There’s so much I find fascinating, but one thing that surprised me when I first started researching was that by 400 CE or so pagans were actually prohibited from joining the army—you had to be a professing Christian. (Of course, how strictly that prohibition was enforced is a matter for debate.)

11. If you could take three things along with one book with you on a deserted island, what would you bring?

I’m going to assume the three things can’t include a boat or a satellite phone, so I’ll say: 1) Ryan North’s Time Traveler Essentials cheat sheet. The situation isn’t exactly the same, but most of the information still applies. 2) Seed potatoes. It worked for Mark Watney. 3) A volleyball.

My book would be War and Peace. I still probably won’t have finished it by the time rescue arrives.

12. Whenever you encounter writer’s block, what is your go-to cure?

Either a bike ride or a hot shower, or both, in that order.

13. Have you written any other works? What are your current plans with your writing career?

I’ve finished the first draft of a sequel to Blood Road. I’m also currently working on a YA WWII novel set in Poland/Western Ukraine, about a Red Army sniper.

14. Do you have any tips to any aspiring authors or writers?

At the risk of repeating myself—reading is so important. Also, because I wish somebody had told me this a long time ago: don’t beat yourself up over making a certain word count each day. It’s OK to have days where you only write two sentences. (If it isn’t, I’m sunk.)

Thanks so much, Amanda, for coming onto our blog! Glad to have you!


Giveaway Details:

1 winner will receive a 1 month subscription to Owl Crate, US Only.

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Tour Schedule:

Week 1:

4/24/2017- Rockin’ Book Reviews– Review

4/24/2017- Month9Books– Excerpt

4/25/2017- Two Chicks on Books– Interview

4/25/2017- Doodle’s Book Reviews– Review

4/26/2017- Don’t Judge, Read– Interview

4/26/2017- Book-Keeping– Review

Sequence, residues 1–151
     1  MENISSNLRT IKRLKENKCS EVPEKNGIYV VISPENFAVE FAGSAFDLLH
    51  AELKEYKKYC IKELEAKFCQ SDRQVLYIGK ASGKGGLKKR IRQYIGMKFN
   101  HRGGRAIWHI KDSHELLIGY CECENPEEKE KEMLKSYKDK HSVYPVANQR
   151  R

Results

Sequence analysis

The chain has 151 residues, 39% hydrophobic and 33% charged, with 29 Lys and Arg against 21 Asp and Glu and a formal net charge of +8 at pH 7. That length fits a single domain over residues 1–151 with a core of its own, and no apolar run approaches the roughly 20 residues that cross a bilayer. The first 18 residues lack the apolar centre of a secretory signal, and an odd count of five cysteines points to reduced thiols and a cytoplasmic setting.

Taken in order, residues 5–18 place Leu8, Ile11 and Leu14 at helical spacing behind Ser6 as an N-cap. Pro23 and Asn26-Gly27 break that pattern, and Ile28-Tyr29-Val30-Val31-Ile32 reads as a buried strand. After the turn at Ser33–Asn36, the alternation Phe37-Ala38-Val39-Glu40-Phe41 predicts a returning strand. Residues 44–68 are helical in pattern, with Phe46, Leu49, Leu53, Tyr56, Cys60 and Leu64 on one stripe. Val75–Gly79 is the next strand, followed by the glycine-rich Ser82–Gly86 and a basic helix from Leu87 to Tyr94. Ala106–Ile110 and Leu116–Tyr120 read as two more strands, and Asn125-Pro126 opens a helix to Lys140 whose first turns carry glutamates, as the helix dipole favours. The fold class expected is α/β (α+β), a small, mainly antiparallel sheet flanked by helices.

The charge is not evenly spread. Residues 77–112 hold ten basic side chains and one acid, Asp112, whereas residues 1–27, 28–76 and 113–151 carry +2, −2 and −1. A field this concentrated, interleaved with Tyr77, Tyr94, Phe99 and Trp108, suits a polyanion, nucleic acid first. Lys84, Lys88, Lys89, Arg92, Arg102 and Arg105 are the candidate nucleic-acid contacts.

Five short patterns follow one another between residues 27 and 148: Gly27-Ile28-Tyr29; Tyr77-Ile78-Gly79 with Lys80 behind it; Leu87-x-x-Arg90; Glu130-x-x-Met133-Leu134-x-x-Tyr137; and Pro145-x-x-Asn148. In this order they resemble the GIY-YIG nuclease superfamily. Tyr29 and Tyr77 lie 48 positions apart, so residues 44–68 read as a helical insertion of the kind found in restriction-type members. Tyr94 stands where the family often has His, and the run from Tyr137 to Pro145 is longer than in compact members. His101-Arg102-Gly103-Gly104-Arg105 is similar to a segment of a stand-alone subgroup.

4/27/2017- A Backwards Story– Review

4/27/2017- Hazel West’s Character Purgatory– Excerpt

4/28/2017- LILbooKlovers– Interview

4/28/2017- Wishful Endings– Review

Week 2:

5/1/2017- Exploring the Inner Universe– Review

5/1/2017- So Few Books– Interview

5/2/2017- Book Review Becca– Review

5/2/2017- Bibliobibuli YA– Interview

5/3/2017- Reading for the Stars and Moon– Review

5/3/2017- I am not a bookworm!– Review

5/4/2017- YA and Wine– Guest Post

5/4/2017- Mundie Moms– Review

5/5/2017- Never Too Many To Read– Review


I hope you enjoyed today’s interview/blog post/giveaway! Certainly check out Amanda’s book!

Happy Fish Fry!

+ J.M.J.

~ Kester

The Sky Throne Blog Tour: Exclusive Interview with Chris Ledbetter

Hello! Today we have another blog tour stop for you today! Please welcome Chris Ledbetter in this interview talking about his newest book The Sky Throne! Hope you enjoy it!

THE SKY THRONE


Title: THE SKY THRONEThe Sky Throne

Author: Chris Ledbetter

Pub. Date: April 18, 2017

Publisher: Month9Books

Format: Paperback, eBook

Pages: 292

Find it: Goodreads | Amazon | B&N | TBD | iBooks

Goodreads Synopsis: Duality dwells at every turn, and an adolescent Zeus will learn that all too well when Hyperion attacks his family on Crete.

When the dust settles, his mother is unconscious and his best friend left for dead.

Stacking epic insult upon fatal injury, Zeus discovers the woman who raised him is not his biological mother. But to ensure her safety while she recovers, a heavy-hearted Zeus leaves her behind to seek answers at Mount Olympus Preparatory Academia.

Zeus embarks on a quest to discover who ordered the attack on his home, avenge the death of his friend, and find his birth mother. When some of his new schoolmates vanish, Zeus’s quest is turned upside down, and the only way to make things right is to access the power of The Sky Throne, confront a most dangerous enemy, and take his life back.

On his way to becoming king of the Greek gods, Zeus will learn to seize power, neutralize his enemies, and fall in love.

“Destined to have a sequel or two, young teens will appreciate the story, and teachers will appreciate that it instructs readers about the pantheon of gods.”–Kevin Beach, VOYA Magazine


About Chris: Chris

Chris Ledbetter grew up in Durham, NC before moving to Charlottesville, VA in 11th grade. After high school, he attended Hampton University where he promptly “walked-on” to the best drum line in the conference without any prior percussion experience. He carried the bass drum for four years, something his back is not very happy about now.

After a change of heart and major, he enrolled in Old Dominion University and earned his degree in Business Administration. He’s worked in various managerial and marketing capacities throughout his life. He taught high school for six years in Culpeper, VA, and also coached football.

He has walked the streets of Los Angeles and New York City, waded in the waters of the Atlantic and Pacific oceans, and climbed Diamond Head crater on Hawaii and rang in the New Year in Tokyo, Japan. But he dreams of one day visiting Greece and Italy.

Website | Facebook | Twitter | Pinterest | YouTubeGoodreads


Now here’s the interview!

A Chris